Newest 5E D&D Unearthed Arcana Teases Curriculum of Chaos with Mages of Strixhaven
You won’t have to wait until Nov. 16, 2021 to study Strixhaven: A Curriculum of Chaos for fifth edition Dungeons & Dragons. The latest Unearthed Arcana 2021 — Mages of Strixhaven gives a peek at the syllabus of the wondrous magic university Strixhaven. The just announced book is a new 5E D&D crossover with Magic: The Gathering via the very popular expansion set from earlier this year. The opening to the Mages of Strixhaven Unearthed Arcana makes no illusions this playtest material is something special and they ain’t kidding. Let’s get into it.
Colleges of Strixhaven for 5E D&D
Each of the five subclasses in Mages of Strixhaven represent one of the paths of magic practiced at the magic university. In order to achieve this dynamic, vibrant magical undercurrent to the upcoming 5E D&D setting in a unique way this playtest material presents the concept of generic subclasses — ones that are available to more than one class.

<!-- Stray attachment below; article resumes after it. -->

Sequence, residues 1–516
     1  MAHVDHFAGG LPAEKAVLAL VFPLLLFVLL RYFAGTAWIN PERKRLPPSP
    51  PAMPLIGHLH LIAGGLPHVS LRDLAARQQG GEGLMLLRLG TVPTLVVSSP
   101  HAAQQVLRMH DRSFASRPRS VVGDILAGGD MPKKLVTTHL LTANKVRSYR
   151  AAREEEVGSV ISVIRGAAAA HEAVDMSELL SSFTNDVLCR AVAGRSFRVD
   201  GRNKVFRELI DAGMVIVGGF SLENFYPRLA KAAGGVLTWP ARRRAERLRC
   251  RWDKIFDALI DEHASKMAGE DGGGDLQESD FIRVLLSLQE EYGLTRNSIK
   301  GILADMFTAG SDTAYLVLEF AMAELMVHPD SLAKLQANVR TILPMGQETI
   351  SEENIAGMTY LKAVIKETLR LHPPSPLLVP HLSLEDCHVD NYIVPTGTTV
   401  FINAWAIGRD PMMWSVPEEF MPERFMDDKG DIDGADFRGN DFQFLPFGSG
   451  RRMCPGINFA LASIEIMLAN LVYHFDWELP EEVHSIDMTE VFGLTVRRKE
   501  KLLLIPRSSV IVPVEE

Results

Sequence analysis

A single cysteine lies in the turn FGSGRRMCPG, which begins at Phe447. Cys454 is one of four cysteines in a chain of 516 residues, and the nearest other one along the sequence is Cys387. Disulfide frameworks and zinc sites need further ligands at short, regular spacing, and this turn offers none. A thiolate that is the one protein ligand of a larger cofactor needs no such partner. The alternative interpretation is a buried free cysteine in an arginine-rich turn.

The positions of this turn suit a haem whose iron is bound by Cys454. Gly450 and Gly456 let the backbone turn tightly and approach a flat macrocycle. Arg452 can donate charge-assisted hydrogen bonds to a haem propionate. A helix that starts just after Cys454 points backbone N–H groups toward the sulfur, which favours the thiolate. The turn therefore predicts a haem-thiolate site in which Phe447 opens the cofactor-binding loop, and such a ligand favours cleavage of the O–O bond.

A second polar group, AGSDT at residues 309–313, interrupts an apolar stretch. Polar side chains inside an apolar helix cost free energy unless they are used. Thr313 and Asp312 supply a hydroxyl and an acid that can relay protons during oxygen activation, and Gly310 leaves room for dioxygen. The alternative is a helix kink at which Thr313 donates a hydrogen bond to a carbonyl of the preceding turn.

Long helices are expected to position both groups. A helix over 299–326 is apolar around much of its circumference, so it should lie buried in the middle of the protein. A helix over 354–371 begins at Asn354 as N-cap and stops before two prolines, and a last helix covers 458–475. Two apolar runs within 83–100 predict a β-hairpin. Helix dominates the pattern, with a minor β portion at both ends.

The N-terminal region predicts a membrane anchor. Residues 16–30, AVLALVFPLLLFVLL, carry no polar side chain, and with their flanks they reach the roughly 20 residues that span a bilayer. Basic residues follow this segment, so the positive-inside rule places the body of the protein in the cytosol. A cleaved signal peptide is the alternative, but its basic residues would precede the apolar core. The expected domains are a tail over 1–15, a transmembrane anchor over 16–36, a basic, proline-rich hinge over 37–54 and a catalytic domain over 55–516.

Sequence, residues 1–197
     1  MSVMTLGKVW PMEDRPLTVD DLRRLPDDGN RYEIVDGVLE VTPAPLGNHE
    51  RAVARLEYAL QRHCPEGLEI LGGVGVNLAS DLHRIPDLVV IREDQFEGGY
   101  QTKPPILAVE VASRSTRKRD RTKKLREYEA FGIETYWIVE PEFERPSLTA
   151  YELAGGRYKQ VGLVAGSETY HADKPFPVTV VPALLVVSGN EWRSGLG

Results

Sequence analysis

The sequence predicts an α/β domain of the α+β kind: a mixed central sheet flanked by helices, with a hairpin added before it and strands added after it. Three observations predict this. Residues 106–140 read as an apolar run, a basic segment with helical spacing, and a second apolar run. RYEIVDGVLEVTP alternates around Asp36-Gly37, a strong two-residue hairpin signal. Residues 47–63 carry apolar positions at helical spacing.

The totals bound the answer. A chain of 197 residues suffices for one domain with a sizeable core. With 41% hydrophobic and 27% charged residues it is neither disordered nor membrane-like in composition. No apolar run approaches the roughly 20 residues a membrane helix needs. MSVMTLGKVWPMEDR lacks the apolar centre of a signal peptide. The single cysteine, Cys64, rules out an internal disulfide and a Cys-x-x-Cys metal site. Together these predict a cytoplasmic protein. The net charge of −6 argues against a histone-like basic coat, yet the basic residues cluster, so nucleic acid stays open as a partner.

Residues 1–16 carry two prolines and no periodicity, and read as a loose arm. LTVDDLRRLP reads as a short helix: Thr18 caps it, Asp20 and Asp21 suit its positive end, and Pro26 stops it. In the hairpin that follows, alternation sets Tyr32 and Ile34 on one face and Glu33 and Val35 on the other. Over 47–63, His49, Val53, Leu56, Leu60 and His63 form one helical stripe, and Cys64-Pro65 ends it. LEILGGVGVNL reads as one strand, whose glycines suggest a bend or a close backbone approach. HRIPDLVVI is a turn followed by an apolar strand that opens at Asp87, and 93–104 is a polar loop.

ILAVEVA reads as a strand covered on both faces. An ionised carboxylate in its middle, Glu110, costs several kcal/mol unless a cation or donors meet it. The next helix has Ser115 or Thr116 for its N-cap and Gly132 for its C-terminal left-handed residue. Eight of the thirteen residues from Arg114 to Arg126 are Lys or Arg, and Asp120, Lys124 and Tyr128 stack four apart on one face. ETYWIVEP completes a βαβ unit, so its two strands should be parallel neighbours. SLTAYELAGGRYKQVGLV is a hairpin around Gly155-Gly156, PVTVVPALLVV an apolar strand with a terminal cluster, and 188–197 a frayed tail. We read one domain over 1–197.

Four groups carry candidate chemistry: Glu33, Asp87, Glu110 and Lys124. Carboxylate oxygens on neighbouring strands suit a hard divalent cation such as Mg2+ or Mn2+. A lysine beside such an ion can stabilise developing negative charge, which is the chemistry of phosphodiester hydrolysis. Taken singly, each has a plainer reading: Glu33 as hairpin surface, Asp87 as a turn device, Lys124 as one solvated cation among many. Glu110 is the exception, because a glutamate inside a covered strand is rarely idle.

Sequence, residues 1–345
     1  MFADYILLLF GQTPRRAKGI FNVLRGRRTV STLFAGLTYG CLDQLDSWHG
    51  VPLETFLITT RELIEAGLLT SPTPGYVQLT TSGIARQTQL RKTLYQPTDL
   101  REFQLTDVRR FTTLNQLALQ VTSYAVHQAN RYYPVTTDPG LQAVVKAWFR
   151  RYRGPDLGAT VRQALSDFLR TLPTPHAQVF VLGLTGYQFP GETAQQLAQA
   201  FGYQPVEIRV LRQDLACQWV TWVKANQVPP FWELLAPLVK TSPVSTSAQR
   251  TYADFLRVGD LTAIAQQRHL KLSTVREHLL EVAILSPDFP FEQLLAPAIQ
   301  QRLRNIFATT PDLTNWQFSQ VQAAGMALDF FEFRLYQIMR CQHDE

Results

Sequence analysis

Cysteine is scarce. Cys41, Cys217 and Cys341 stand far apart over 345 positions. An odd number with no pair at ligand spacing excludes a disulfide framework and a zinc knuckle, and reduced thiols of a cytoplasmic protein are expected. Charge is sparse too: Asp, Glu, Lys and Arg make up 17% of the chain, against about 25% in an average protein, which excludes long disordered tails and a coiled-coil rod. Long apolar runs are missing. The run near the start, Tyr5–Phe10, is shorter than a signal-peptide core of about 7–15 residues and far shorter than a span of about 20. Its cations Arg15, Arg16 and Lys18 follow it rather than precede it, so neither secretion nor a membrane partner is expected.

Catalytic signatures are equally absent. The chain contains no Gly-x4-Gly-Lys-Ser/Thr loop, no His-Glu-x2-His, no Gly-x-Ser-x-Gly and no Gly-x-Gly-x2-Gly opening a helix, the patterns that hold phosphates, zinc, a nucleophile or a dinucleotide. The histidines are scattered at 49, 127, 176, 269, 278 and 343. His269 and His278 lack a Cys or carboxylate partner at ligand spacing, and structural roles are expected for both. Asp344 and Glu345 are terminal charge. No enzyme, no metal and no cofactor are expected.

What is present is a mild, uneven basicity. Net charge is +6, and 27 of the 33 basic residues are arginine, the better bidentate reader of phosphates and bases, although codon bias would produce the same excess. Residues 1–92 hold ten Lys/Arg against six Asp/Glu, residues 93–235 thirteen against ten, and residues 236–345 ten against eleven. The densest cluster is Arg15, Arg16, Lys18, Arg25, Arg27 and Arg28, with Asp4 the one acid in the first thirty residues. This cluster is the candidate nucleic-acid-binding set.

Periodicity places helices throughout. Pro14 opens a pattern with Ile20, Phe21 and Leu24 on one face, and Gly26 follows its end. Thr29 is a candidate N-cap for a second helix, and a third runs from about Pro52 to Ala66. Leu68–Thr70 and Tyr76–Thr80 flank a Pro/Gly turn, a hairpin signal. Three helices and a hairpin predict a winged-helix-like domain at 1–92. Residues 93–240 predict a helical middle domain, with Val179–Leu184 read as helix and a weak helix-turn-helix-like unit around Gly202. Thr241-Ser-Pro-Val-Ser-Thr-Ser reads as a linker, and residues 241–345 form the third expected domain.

D&D players from 3.5 edition might already be thinking, “prestige classes for 5E D&D?” I know this was my first thought after skimming the Unearthed Arcana. In a way this is true…but not really. There are prerequisites not for choosing any of the subclass options themselves but there is an elegant way of incorporating class features untethered to any one class and the level breaks for features within the structure.
More diligent minds than mine might crunch the numbers and determine the relative power level of each feature and yadda yadda yadda and for those people, great. My concerns lie much more in whether the material sounds cool and fun to explore during a 5E D&D game. I’m writing after only reading the introductory text and not the subclass features themselves and before I do I’ll share another mental sticky note heading into the content:
“How different from the core game will these character options be?”
Another noteworthy aspect to Mages of Strixhaven and the last few Unearthed Arcana documents as a whole is they’re indicative of 5E D&D’s growth and success. For many years as the Wizards of the Coast juggernaut penetrated culture bolstered with the passion of players and fans all over the world. Lots of these folks grew a cottage industry alongside this growth like Nerdarchy for one.
Because of so much support and terrific marketing this growth enables the 5E D&D team to grow as well. So it’s very cool to see variety in the bylines of new official content being developed. Whether I dig or dislike Unearthed Arcana or the official content it sometimes becomes it is always neat to see how new voices lead to new ideas.